Get the F*4%k off the road!

The message was pretty clear.

Why it was being delivered wasn’t nearly as clear.

Oh, I can understand frustration at being delayed even a few seconds by a slow moving vehicle on the road. I confess to a bit of road-rage myself now and then. It is unreasonable but satisfying somehow.

But though I was on my bicycle, I was not delaying anyone. I wasn’t even moving.

I had just been to the Lewiston Post Office to check club mail and was now stopped at the main light ready to cross the intersection to the dike bypass, swing right and head back to the bike path.

As I waited for the light to change, a car swung into the left turn lane speeding through the still green leff-turn signal. The passenger had his window down and gave me the shout. This was a premeditated, planned action. Had they planned to go around the dike bypass and changed their minds because a cyclist was first in line at the light? And there was at least one other vehicle behind me. The left=turning vehicle had arrived after the light had turned red. Nothing I had done delayed them in the least.

I imagine driver and passenger spotting the cyclist just ahead of the line and plotted their assault. Perhaps they thought it was funny like some of those radio DJs you hear about advocating killing cyclists. It must have seemed wiild, bold, and somehow satisfying to take advantage of their anonymity to let off a little steam. Maybe they had just witnessed a cyclist running  a stop sign or jumping scarily in and out of traffic.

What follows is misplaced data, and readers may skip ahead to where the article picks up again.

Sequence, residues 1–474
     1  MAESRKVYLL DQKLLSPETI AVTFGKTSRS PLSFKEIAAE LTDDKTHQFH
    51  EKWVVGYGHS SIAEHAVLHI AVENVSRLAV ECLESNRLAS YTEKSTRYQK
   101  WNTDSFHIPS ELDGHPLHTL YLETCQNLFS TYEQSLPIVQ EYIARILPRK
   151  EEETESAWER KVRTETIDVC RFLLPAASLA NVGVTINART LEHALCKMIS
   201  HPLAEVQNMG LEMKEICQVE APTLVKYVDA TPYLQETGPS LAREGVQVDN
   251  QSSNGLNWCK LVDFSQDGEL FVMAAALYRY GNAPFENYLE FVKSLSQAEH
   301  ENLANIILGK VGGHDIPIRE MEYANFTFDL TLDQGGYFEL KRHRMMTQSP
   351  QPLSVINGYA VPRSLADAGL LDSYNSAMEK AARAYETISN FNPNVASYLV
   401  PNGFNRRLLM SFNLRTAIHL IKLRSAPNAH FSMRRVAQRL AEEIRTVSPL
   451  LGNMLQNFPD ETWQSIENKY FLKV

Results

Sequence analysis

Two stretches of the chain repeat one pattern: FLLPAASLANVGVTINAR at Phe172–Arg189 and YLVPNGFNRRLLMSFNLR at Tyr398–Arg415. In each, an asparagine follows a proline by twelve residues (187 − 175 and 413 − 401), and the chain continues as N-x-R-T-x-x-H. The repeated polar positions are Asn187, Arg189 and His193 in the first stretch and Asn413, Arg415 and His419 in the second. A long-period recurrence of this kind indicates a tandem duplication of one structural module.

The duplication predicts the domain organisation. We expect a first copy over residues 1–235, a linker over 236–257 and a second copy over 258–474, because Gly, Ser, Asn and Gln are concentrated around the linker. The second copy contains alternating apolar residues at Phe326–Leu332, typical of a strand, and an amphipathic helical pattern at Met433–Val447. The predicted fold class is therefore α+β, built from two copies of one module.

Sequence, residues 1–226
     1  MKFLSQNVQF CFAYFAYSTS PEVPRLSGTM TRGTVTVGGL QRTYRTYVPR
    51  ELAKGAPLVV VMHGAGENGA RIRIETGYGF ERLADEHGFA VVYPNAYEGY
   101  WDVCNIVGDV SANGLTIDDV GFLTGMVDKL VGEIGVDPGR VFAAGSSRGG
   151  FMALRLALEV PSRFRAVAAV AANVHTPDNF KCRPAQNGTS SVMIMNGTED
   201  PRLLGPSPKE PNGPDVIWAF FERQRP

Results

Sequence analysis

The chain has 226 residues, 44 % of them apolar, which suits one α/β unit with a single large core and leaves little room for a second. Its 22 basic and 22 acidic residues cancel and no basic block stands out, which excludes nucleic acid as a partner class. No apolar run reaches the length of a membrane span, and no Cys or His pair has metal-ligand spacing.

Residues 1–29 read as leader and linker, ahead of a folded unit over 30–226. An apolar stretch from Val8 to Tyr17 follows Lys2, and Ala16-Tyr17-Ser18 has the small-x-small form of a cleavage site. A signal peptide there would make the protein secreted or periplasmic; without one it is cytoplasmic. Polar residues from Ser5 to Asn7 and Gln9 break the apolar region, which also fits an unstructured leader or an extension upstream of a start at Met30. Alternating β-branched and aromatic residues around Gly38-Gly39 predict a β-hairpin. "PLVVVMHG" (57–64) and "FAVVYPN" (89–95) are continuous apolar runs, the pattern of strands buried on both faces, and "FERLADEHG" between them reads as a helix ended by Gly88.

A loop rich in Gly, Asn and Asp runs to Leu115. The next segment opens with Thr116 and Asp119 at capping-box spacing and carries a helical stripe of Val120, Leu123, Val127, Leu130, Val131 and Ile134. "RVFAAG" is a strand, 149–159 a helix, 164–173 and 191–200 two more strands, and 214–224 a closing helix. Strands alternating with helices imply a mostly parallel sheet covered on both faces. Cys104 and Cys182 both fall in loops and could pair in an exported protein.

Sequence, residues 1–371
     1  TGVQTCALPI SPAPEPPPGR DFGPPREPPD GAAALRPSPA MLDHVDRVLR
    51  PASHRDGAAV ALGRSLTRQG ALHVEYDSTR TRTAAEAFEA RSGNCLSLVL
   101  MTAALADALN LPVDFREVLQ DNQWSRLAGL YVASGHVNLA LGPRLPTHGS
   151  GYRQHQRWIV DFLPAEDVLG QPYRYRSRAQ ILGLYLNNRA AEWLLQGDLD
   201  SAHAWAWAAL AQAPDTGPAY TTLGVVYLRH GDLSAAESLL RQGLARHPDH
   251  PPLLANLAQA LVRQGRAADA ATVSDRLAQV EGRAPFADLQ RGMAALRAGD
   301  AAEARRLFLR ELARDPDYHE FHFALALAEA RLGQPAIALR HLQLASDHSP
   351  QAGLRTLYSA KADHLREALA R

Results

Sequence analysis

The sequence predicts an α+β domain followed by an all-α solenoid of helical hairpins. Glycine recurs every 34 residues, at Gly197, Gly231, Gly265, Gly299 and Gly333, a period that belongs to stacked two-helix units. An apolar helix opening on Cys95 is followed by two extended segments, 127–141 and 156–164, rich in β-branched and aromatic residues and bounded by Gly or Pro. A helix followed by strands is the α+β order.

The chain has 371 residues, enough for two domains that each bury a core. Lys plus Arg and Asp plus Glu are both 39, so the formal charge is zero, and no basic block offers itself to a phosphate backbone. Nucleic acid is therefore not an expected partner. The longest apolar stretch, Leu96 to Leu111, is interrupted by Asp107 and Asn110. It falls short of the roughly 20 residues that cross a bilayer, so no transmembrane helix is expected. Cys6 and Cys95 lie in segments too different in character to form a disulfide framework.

The light changed and I moved to the right leaving plenty of passing room to my left as I watched carefully for turning traffic in the merge lane to my right. I was out of the road in seconds

Mostly valley drivers are courteous and considerate sometimes trying to give a cyclist more leeway than he wants.

But we still get verbal assaults and drive-by buzzing now and then. It is unsettling and scary when self-righteous anger results in unsafe driving.

Cyclists need to speak out for our right to the road. Too many people believe that we have no business on the roads. They haven’t forgot, because they never knew, that the first paved roads in this country were at the behest of cyclists in the form of the League of American Wheelmen–now the League of American Bicyclists.

So, I’m willing to share the road, but not get off of it.



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